Food And Farm Program Seeks Local Food Project Ideas

Food And Farm Program Seeks Local Food Project Ideas

Iowa nonprofit organizations, farm groups and educational institutions are encouraged to submit proposals for potential funding by new program.

Iowa's Local Food and Farm Program is looking for a few good ideas that will help put more Iowa-grown products on dinner plates and more money in the pockets of Iowa farmers. The purpose of the program, established by the Iowa Legislature in 2011, is to increase the production, processing, distribution, marketing and consumption of local food in Iowa. The program also outlines the need to increase profitability and the number of jobs all along the local food chain.

IOWA GROWN: Iowa is experiencing an increasing demand for locally grown fruits and vegetables. If you're interested in producing and selling fruits and vegetables, you can learn more by attending a free planning meeting and farm tour Nov. 26 at Grinnell. Also, Iowa has a new program to help fund local food marketing groups, to help increase production, processing, distribution and consumption of locally-produced food in Iowa.

"We would really like to see projects that help establish a new local food business, such as food hubs or collaborative marketing networks, or projects working with beginning, minority or transitioning farmers," says Craig Chase, who coordinates the statewide program for ISU Extension and oversees related projects at the Leopold Center for Sustainable Agriculture. "Projects that help us better understand what leads to successful farm-to-school, farm-to-institution or school gardens also would be considered."

Project proposals for potential funding by this program are due November 29

Chase encourages Iowa nonprofit organizations, agricultural groups and educational institutions to submit proposals for potential funding by the program. Projects must be for one year, beginning in January 2013, and limited funds are available.

Exactly what should be included in the proposal is outlined in Local Food and Farm Program's Request for Proposals (RFP). Deadline is November 29, 2012. For more information about the program, and a copy of the RFP, visit the Leopold Center website.

Chase works with a team of six educators throughout Iowa on the Program. A six-member Local Food and Farm Program Council, appointed by the Iowa Department of Agriculture & Land Stewardship, advises the team on program directions. The program is following a set of recommendations from the Iowa Local Food and Farm Plan, prepared by the Leopold Center for the Iowa Legislature in January 2011.

Are you interested in growing fruits and vegetables in Iowa? Are you already a grower who sells produce?

In other news about horticulture in Iowa, Practical Farmers of Iowa recently sent out a press release asking these questions: Are you a fruit or vegetable grower in Iowa? Would you like to share your goals and challenges, or voice your thoughts on how horticultural programming at Practical Farmers of Iowa can best serve your needs?~~~PAGE_BREAK_HERE~~~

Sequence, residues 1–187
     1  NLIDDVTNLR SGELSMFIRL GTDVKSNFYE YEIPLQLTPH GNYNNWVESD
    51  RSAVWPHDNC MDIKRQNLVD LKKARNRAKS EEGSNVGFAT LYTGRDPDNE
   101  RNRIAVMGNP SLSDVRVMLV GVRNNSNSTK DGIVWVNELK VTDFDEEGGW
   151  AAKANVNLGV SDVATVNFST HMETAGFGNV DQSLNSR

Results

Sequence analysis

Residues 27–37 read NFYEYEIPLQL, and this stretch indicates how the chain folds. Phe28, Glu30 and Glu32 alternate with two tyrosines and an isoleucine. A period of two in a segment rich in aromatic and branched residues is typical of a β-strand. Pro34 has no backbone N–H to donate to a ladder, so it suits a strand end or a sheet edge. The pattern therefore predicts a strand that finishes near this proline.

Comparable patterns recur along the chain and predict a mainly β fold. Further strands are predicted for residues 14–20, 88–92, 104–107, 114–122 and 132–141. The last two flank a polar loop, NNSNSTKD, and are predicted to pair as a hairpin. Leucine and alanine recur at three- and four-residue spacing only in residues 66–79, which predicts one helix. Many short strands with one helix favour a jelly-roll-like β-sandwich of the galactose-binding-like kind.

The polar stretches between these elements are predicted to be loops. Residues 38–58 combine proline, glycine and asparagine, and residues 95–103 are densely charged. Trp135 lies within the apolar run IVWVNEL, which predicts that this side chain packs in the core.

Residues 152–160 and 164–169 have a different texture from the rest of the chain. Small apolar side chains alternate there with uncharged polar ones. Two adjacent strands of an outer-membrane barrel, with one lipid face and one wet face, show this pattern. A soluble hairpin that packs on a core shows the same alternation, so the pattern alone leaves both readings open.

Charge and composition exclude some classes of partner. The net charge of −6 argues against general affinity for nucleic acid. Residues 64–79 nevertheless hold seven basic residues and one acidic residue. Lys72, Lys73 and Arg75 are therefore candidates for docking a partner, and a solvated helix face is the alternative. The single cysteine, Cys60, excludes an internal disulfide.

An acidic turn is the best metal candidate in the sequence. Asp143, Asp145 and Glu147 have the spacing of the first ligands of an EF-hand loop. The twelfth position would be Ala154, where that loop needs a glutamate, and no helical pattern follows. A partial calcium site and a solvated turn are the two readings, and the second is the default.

If so, consider participating in a horticulture planning meeting hosted by Practical Farmers of Iowa on Monday, Nov. 26, from 8:45 a.m. to 3 p.m., at the Drake Community Library in Grinnell. Attendance is free, includes lunch and all fruit and vegetable growers are welcome. Also, PFI members Andrew and Melissa Dunham, owners of Grinnell Heritage Farm, will discuss their season extension marketing, production and storage practices before leading attendees on a tour of the season extension structure on their farm. RSVP by Wednesday, Nov. 21, to PFI office assistant Lauren Zastrow at [email protected] or (515) 232-5661.

There is a surge in demand in Iowa for locally-grown fruits and vegetables

The purpose of the meeting is twofold: to ensure fruit and vegetable farmers know about current horticultural programs at Practical Farmers of Iowa, and to gather input on the future direction of horticulture initiatives at PFI and the top priorities of Iowa's fruit and vegetable farmers. "With the surge in demand for Iowa-grown fruits and vegetables, Practical Farmers of Iowa has stepped up its horticulture programming," says Teresa Opheim, Practical Farmers of Iowa executive director. "We want to make sure it is as helpful as possible for Iowa fruit and vegetable businesses."

The Dunhams, who grow vegetables on 15 acres and tend a small herd of beef cows raised on pasture, have an unheated high tunnel, large cooler and recently built a bigger packing shed, all of which will be highlighted on the tour. The Dunhams will also discuss how they managed to secure a loan for cold storage through USDA's Farm Services Agency.

If you can't attend meeting, you're still welcome to join the group for the farm tour

Those people who are unable to attend the meeting are still welcome to attend the Dunhams' season extension talk and tour. The talk will start about 2 p.m. at the Drake Community Library, and attendees will depart for Grinnell Heritage Farm at 3 p.m. Please bring warm gear for the farm portion of the event.

Directions: The Drake Community Library is located at 930 Park St., in Grinnell. To reach the library from Interstate 80, take exit 182 for IA-146 towards Grinnell / New Sharon. Head north on route 146 for 3.3 miles, then turn right on 4th Avenue. Take the third left onto Park Street; the library will be on the right.

Grinnell Heritage Farm is located at 1933 Penrose St., 1.8 miles northeast of the library. To get there from the library, head north on Park Street two blocks and turn right on 6th Avenue / U.S. Route 6. Go eight-tenths of a mile, turn left (north) on Penrose Street and drive about 1 mile. The farm will be on the left. For questions about the meeting and tour, contact Sally Worley, Practical Farmers of Iowa deputy director at (515) 232-5661 or [email protected].

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